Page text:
Public Knowledge Seeks To Defend Neutrality Rules In Court

broadband globe Advocacy group Public Knowledge, a leading proponent of open Internet rules, filed court papers on Wednesday seeking to intervene in Verizon's lawsuit to block the new neutrality regulations.

The group says in its papers that it represents members "who would be adversely affected by a reversal" of the neutrality rules because their businesses rely on access to the Web. Therefore, Public Knowledge argues, it's entitled to defend the legality of the Federal Communications Commission's neutrality regulations.

Public Knowledge's approach stands in contrast to that taken by the neutrality advocates at Free Press, who are seeking a court order forcing the Federal Communications Commission to strengthen the rules.

The FCC voted 3-2 last December to enact neutrality requirements that prevent all broadband providers -- wired and wireless -- from blocking traffic or discriminating against competing apps and services.

The rules also prohibit wireline providers from engaging in unreasonable discrimination, including deals that would allow content providers to pay extra for fast-lane treatment. But wireless providers don't face the same ban on unreasonable discrimination.

Some neutrality advocates, ranging from groups like Free Press to Democratic lawmakers like Rep. Ed Markey (D-Mass.) and Sen. Al Franken (D-Minn.), have criticized portions the rules for that reason.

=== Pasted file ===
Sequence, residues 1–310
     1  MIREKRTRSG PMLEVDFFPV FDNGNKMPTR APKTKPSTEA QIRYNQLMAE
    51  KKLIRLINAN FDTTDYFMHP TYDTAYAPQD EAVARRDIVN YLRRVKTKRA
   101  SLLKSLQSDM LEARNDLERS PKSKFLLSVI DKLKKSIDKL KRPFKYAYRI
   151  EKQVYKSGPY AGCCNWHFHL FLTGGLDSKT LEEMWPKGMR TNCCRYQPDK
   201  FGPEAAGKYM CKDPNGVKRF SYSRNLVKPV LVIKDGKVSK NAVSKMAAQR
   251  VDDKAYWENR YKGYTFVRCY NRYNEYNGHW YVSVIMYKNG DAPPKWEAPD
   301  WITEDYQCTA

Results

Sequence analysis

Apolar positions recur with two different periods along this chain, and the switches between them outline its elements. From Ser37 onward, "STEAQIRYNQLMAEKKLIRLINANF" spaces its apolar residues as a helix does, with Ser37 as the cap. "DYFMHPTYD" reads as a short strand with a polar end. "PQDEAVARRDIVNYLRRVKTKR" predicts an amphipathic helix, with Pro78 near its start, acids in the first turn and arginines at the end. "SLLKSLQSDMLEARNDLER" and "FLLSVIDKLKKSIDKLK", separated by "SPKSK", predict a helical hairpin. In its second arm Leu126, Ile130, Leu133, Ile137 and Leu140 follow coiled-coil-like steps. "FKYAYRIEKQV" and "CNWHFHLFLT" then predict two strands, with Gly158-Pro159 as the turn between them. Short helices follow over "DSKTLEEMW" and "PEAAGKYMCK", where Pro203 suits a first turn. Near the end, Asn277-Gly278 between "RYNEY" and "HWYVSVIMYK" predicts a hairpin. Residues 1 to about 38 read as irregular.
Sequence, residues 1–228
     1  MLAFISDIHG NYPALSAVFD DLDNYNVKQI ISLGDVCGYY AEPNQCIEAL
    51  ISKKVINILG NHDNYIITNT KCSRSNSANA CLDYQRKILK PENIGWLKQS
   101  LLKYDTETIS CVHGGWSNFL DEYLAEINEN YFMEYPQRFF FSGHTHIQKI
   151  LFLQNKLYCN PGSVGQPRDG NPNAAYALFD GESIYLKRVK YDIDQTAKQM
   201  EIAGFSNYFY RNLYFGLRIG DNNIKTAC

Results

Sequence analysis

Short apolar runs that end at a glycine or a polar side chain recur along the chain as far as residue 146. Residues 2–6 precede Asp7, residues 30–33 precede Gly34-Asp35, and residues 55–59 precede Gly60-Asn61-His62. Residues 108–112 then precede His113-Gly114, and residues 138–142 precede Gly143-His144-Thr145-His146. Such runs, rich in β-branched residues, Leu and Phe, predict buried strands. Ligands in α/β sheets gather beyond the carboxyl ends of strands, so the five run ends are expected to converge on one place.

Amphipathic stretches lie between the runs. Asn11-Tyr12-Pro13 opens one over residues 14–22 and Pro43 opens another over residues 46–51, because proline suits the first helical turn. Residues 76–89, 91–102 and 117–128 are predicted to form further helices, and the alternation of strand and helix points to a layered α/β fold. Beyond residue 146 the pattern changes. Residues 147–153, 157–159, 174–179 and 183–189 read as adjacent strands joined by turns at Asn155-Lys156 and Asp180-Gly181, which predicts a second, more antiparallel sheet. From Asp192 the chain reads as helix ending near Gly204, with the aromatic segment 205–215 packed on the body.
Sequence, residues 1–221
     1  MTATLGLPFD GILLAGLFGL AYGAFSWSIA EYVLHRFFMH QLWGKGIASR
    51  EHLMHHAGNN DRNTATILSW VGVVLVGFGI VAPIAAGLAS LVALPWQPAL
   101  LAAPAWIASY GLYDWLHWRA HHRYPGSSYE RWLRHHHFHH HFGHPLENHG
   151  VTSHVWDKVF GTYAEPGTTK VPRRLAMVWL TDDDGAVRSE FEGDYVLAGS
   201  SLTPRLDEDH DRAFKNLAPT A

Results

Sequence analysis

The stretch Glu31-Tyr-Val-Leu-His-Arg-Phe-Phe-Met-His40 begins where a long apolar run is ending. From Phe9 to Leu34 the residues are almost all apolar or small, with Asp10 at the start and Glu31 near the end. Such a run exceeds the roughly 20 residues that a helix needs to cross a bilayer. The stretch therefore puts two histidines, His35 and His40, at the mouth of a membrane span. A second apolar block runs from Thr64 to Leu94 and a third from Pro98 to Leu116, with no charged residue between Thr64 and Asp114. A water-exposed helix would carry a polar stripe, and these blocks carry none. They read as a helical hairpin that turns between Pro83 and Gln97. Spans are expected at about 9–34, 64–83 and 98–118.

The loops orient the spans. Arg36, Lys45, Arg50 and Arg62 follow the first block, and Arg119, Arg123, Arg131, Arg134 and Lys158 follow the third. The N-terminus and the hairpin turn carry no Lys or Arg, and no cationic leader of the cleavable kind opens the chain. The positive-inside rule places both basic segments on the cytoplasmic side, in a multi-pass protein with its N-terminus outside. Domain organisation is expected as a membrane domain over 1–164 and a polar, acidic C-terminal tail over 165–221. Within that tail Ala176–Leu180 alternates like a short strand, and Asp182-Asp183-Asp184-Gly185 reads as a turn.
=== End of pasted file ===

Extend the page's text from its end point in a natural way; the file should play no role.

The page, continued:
Telecoms, however, say the rules are too restrictive. Verizon filed suit last week in an attempt to stop the regulations from taking effect. The company will almost certainly argue that the FCC lacks authority to regulate broadband because it's an "information" service rather than a telecommunications service.

A panel of the U.S. Court of Appeals for the District of Columbia already ruled in another case that the FCC lacks authority to enforce neutrality rules. In that matter, the appellate court vacated an sanctioning on Comcast for throttling peer-to-peer traffic.

Public Knowledge's legal director, Harold Feld, stated that the organization is seeking to intervene because it wants to defend the FCC's authority to enact rules, as well as the rules themselves. "We believe the public will be better served by having rules in place and by having a Commission complaint process in place."

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